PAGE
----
The numbers of course are different for the regions – if we’d like to believe in numbers at all.
Because the reality of poverty is beyond government statistics and spin, and is born as well of a history of neglect and abandonment by the national government. That part of this story isn’t so hard to understand.
Wealth as context
What is hard to wrap one’s head around is the truth that this poor region is home to a wealth of natural resources.
Based on a 2009 CARAGA Watch study on mining in the region, these natural resources cut across agriculture of “452,600 hectares cultivated with rice, corn, coconut, bananas, mango and root crops for local consumption” and “more than 100 square kilometers of palm oil in Agusan del Sur” that are for export. Rubber, abaca, coffee and pineapple are also export products of the region, while Surigao provinces “that face the Pacific Ocean are the main source of fish in the region and in Northern Mindanao.”
CARAGA forests are also its source of wealth. “71.2% or 1,339,800 hectares of its total land area is forested, its dipterocarp coverage the third most extensive in the country. Caraga provides 70% of the country’s wood needs with 236,288 hectares of its forests covered by 105 Integrated Forest Management Agreements (IFMA). It hosts five large logging companies, the largest of which was PICOP Resources Incorporated (PRI) that was once one of the largest paper milling companies in Asia <until 2007>.”
Beyond agriculture, its seas, and its forests, CARAGA is also considered to have “the biggest iron ore deposit in the world, the largest nickel and gold deposits in the country, and large reserves of copper, chromite and coal.” This, according to DENR’s Mines and Geosciences Bureau. “Surigao Sur, Surigao Norte and Agusan del Norte are the principal gold-producing provinces in what is called the Barobo Gold Corridor and the Surigao Gold District. Deposits of metallurgical grade chromite are found in the islands of Dinagat. Vast nickel laterites are found in Surigao Norte and Sur. Extensive deposits of aluminum bauxite are in Bucas Grande Island. Coal, the country’s major lignite reserve, can be found in three of its provinces: Agusan del Sur, Surigao del Norte and Surigao del Sur.” (InsideMindanao.com, Feb 2010)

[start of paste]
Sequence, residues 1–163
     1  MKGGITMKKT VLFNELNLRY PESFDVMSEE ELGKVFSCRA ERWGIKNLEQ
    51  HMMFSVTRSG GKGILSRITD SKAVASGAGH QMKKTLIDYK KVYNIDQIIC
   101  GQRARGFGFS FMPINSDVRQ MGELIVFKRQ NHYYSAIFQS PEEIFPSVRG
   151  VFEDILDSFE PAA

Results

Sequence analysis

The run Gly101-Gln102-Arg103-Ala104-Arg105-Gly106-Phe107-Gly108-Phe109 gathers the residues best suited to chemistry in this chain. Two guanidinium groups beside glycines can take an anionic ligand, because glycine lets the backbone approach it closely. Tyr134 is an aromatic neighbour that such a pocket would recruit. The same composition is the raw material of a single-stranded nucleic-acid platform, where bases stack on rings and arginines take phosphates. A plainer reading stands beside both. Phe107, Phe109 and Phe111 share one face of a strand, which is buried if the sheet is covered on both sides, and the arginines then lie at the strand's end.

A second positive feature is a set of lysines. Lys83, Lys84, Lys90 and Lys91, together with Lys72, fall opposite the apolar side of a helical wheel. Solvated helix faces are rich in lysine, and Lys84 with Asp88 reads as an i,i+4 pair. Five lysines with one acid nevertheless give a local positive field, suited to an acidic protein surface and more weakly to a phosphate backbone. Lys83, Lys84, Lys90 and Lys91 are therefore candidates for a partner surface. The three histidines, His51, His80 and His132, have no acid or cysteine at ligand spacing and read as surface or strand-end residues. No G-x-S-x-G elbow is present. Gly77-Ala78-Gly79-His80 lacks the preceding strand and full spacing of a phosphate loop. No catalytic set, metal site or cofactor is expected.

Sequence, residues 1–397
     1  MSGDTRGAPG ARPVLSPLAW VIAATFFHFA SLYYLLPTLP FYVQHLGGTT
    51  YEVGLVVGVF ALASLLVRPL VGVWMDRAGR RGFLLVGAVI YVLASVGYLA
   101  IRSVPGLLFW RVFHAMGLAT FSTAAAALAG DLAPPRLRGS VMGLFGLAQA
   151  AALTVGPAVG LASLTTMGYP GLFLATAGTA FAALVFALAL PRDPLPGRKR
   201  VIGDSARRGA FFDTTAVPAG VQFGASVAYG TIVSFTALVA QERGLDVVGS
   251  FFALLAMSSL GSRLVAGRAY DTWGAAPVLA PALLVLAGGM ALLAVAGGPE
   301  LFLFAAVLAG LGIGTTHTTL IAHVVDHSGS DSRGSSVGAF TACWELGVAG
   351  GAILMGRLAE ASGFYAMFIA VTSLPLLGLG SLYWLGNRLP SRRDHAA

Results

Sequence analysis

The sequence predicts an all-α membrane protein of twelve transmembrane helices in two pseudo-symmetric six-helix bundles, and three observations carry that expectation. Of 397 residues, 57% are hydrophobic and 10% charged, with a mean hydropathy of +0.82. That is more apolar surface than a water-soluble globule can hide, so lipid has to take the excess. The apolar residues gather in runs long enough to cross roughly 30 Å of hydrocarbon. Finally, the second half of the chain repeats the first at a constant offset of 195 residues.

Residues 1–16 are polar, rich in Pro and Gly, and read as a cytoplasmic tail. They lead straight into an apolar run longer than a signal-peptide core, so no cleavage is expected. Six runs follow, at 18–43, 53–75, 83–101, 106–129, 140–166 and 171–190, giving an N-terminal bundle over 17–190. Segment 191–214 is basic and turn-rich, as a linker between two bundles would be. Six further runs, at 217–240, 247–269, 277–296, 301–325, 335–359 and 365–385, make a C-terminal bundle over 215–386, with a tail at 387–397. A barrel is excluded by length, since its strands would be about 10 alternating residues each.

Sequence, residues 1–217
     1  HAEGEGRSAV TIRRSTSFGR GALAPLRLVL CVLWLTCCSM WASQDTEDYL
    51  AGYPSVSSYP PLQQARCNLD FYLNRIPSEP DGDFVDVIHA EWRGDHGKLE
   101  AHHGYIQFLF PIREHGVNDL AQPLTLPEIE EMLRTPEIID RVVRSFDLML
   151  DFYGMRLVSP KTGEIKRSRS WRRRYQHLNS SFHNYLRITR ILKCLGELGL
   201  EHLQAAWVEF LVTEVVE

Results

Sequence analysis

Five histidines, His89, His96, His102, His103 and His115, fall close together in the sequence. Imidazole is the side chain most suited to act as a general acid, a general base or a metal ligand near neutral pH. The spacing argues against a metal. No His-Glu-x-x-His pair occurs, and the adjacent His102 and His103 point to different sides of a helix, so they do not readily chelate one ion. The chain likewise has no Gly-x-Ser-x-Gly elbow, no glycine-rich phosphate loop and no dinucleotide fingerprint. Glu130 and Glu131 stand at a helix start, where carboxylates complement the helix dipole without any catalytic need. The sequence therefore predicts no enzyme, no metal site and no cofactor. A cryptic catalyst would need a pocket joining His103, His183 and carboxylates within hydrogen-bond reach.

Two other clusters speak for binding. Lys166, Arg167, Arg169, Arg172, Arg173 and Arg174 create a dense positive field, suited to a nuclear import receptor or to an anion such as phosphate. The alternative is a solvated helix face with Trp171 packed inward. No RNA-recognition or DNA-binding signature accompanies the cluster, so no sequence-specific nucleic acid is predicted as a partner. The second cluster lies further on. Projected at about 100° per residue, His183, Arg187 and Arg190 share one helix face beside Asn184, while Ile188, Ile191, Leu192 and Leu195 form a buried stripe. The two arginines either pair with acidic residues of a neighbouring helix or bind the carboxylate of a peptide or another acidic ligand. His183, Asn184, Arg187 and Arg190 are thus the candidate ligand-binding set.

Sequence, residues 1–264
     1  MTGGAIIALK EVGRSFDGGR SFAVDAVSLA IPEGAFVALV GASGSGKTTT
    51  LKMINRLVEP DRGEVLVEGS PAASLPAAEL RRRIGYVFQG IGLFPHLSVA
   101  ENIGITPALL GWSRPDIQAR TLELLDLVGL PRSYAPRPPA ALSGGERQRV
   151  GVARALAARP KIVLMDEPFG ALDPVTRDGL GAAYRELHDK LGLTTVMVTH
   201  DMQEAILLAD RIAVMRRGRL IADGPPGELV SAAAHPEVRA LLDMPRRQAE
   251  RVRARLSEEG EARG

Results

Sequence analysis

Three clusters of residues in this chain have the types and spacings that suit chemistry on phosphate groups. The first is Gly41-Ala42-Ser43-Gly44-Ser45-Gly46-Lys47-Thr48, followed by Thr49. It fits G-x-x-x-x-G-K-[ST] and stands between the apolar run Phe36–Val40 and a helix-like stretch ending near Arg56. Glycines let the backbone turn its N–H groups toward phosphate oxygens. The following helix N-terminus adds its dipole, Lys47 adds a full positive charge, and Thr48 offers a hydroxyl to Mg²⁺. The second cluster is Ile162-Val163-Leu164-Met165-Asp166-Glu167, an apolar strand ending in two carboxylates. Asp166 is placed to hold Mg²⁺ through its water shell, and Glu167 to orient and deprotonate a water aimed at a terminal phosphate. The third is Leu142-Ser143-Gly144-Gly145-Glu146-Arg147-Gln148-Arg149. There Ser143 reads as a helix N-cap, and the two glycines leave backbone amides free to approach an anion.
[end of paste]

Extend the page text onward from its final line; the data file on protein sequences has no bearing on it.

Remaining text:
In the April-June 2012 issue of CARAGA Today by the CARAGA Regional Development Council, in 2013, “mineral exports were valued at PhP29.84 billion” <…and> “mining and quarrying generated PhP596.88 million in excise tax and PhP1.2 billion in royalties” <… and> “one notable accomplishment in the mining sector is the start of the full production of mixed sulfides of the Taganito High Pressure Acid Leaching (THPAL) Nickel Corporation Mineral Processing Plant (MPP) in Claver, Surigao del Norte <which> produced 8,000 MT of mixed sulfides with a total gross value of US$48,025,628.28 equivalent to PhP 2,092,324,065.04.”
CARAGA Today of course does not mention Lumad communities and their continued struggle against displacement and disenfranchisement, poverty and need, in the face of these billions that are “earned” from their lands and seas.
This proves that the picture is far bigger, the story much deeper, with regards the Surigao del Sur Lumad killings of late. And there is absolutely no reason to believe government spin or military press releases. There is every reason to demand that the discussion be better contextualized in the narrative of life and death, land and resources, ancestral domain and cultural heritage, capitalism and government collusion, militarization and paramilitarization of the CARAGA region.
Anything less will be a dismissal of the plight of the Lumad.